"Mornin', Hank." "Mornin', Jeb." The weathered dairy farmers standing by the cash register had grown up tending their families' Herefords just outside of Blair in north-central New Hampshire. More acquaintances than what you would call friends, they have been exchanging routine Saturday-morning pleasantries at Granite State Feed & Supply their whole adult lives.
In their late fifties now, Hank and Jeb see each other at the Grange on Wednesday nights, and on Sundays, they nod across the aisle in the white clapboard church their great-grandparents helped build in "aught five." Neither has seen the "new" airport in Manchester that opened in 1996. Farming is their life.
Leaning against the checkout counter, Jeb asked casually, "How's the cash flow, Hank?" "Cash flow's fine, Jeb. Jest cain't seem to stop none of it," the other allowed. "Yep," Jeb pursed his lips and nodded knowingly.
Later that same summer, Jeb and Hank happened to be loading Saturday supplies into their Ford pickups behind the feed store. "Mornin', Jeb." "Mornin', Hank. I hear you won $2 million in the lottery. Whatcha gonna do now?" "Well," Hank began thoughtfully as though considering the question for the first time, "s'pose I'll jest keep farmin' till it's all gone."
Don't Ask Me To Do It!
Whether your clients are dairy farmers or doctors, you probably recognize Hank's casual, almost helpless attitude toward cash flow. It has been my experience as a personal financial advisor that many families are unsatisfied with the quality of life they have built for themselves. But it doesn't occur to them to take a fresh look at how they spend their money. Most seem to have more or less stumbled into their particular pattern of spending through a series of unrelated, not especially thoughtful decisions. People tend to get set in their ways, and the older we get, the more we seem to resist change ... even when we're unhappy with our circumstances.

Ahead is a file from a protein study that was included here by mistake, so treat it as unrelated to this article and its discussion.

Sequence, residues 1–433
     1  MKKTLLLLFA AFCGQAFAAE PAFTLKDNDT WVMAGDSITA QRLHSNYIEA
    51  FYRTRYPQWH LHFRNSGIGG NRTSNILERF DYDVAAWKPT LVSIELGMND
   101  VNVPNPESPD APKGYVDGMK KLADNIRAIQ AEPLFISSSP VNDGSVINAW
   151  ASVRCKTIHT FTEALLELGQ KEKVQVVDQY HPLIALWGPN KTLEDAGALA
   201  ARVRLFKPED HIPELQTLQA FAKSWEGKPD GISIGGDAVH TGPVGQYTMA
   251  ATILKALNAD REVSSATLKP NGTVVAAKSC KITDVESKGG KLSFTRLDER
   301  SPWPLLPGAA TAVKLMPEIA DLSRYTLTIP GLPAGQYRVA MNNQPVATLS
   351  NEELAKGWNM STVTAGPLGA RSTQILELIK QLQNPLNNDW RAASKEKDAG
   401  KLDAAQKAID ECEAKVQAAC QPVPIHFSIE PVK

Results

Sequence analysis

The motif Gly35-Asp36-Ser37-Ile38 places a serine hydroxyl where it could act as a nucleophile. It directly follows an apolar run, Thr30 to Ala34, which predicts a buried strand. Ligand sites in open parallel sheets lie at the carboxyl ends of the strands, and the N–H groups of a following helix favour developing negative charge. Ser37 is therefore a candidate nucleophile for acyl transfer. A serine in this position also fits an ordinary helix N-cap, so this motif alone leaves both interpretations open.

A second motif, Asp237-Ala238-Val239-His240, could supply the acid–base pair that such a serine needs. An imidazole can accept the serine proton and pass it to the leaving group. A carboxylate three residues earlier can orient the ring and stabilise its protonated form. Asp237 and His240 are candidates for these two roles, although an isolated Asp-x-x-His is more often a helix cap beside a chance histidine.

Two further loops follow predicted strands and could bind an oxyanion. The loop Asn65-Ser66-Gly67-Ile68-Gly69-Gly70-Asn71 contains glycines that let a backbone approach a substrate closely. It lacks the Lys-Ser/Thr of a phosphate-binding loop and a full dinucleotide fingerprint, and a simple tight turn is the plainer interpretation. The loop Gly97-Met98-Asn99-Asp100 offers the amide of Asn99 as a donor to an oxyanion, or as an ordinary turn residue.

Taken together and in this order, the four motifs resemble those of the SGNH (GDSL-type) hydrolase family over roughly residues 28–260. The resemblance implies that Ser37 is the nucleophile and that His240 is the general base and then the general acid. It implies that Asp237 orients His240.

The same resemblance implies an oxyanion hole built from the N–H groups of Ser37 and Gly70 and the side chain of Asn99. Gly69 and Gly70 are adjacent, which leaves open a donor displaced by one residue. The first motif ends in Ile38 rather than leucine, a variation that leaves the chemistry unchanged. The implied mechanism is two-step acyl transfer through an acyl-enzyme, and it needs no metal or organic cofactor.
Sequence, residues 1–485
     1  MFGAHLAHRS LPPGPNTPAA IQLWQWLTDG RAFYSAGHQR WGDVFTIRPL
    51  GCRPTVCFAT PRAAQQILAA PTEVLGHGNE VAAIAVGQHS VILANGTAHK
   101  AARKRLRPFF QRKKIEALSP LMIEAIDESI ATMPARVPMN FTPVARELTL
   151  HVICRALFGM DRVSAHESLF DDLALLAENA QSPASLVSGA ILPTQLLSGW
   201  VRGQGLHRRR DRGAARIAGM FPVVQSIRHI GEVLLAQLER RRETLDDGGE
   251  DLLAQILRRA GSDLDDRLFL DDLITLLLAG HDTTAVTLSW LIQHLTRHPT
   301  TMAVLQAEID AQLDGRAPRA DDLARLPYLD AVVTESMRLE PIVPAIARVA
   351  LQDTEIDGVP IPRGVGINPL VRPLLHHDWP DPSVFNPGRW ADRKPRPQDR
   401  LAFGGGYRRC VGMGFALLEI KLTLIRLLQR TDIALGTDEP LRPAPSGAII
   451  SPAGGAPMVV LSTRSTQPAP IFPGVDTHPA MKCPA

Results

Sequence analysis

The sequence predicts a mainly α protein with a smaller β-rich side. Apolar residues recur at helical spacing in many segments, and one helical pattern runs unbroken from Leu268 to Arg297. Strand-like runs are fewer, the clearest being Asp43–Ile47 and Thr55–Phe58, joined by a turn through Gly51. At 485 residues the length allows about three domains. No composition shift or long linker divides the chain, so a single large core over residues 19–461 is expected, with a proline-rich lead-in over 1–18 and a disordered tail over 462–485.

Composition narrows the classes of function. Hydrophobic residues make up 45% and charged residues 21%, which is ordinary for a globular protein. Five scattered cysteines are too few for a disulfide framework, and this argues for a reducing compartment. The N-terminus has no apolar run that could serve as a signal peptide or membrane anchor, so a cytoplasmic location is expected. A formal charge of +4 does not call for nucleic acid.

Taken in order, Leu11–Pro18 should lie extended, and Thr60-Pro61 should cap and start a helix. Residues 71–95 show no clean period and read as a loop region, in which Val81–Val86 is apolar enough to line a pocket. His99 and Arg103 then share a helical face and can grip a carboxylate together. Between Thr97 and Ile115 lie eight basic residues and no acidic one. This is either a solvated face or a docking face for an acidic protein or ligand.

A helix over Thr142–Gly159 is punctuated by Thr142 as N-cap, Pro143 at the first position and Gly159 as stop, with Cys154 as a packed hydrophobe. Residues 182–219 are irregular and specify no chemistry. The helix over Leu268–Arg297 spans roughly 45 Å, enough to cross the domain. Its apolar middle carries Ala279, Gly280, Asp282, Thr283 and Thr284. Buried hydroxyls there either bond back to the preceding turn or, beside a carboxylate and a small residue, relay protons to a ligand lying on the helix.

Rare is the household that actually prioritizes its wants and needs and makes a realistic plan about how to spend its income. The very word "budget" has fallen into serious disrepute. It smacks of self-denial, never a very popular concept. In its worst interpretations, it implies penury and financial failure, as in: "They have to budget every nickel."
As an advisor, you understand that the classic idea of budgeting is to thoughtfully allocate a predicted level of income across a range of possible uses in a way that will produce maximum personal satisfaction. Its purpose is to empower, not to confine. In our practice, we have discovered that calling this exercise a "spending plan" makes it considerably more acceptable to clients because it changes the focus from what we cannot have or do to what we can.
An Exciting Process
Most prospective retirees come to our offices looking for help with investments and estate planning. And we're glad they come because we love to do those things. But our preretirement interviews very often lead us to what has always been the foundation of the financial-planning process ... cash flow.